Analysis by the Environmental Finance Center compares water and sewer revenues with operation and maintenance costs. Gray dots show municipal systems that have enough revenue to cover expenses. Peach-colored pentagons show show those with enough revenues to cover their combined expenses and debts. The bright red squares represent those without enough revenue to cover regular operating and maintenance expenses. Almost a quarter of systems across the state fall in those categories coming up short. Thanks, in part, to Florence and Matthew, many of those are clustered in the east.
CAROLINA PUBLIC PRESS
Taking stock of what it will take to rebuild after Hurricane Florence, it’s important to remember that even before this year’s hurricane season started, the finances of dozens of water and sewer systems throughout North Carolina were already underwater.
Some were damaged in prior storms. Many more across the state are caught in a long-term downward spiral of declining jobs and population.
As policymakers begin to shape the state’s rebuilding program in response to Hurricane Florence, they must deal with the already distressed systems and those damaged in the most recent storm. They must also come up with a long-term solution to a chronic statewide maintenance backlog.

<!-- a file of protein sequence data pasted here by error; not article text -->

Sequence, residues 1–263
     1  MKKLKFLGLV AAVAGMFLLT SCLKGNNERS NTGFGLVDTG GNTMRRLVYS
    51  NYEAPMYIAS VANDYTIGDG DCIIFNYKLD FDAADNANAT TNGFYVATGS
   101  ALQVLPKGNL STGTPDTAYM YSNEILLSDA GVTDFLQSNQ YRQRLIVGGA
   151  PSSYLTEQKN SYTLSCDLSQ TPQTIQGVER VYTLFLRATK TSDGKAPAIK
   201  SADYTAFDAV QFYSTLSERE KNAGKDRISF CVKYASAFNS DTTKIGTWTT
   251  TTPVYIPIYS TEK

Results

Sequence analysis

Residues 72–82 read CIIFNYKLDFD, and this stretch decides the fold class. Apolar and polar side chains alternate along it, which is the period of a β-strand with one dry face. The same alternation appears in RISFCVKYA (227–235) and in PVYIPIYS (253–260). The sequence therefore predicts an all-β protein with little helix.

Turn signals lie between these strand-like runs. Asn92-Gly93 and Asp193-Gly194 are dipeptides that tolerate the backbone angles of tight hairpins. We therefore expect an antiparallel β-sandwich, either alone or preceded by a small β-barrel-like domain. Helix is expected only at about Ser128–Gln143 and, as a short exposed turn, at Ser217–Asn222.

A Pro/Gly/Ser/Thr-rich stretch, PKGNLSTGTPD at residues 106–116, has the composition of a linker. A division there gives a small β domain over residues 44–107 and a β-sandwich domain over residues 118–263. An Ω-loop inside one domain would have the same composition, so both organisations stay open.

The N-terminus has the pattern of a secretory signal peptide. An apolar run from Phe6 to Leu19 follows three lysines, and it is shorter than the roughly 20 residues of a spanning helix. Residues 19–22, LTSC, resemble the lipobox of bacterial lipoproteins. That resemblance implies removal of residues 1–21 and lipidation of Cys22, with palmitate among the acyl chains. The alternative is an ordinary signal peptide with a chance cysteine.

These will be the key steps toward building resiliency, especially in the hard-hit eastern region of the state.
At a recent General Assembly committee meeting in Raleigh, Edgar Starnes, legislative liaison for the N.C. Department of State Treasurer, said 37 water and sewer systems in Florence disaster areas are going to need significant help dealing with the damage.
“The repairs they’re going to face are going to be very expensive,” he told members of a joint House and Senate committee studying water and sewer systems in a post-storm assessment held in late September. “They’re in a lot of trouble because of the flood right now.”
The damage to those systems and the floods that followed resulted in tens of millions of gallons of wastewater and sewage spills.
Some of the systems were the same as those damaged in 2016, when Hurricane Matthew roared through many of the same communities.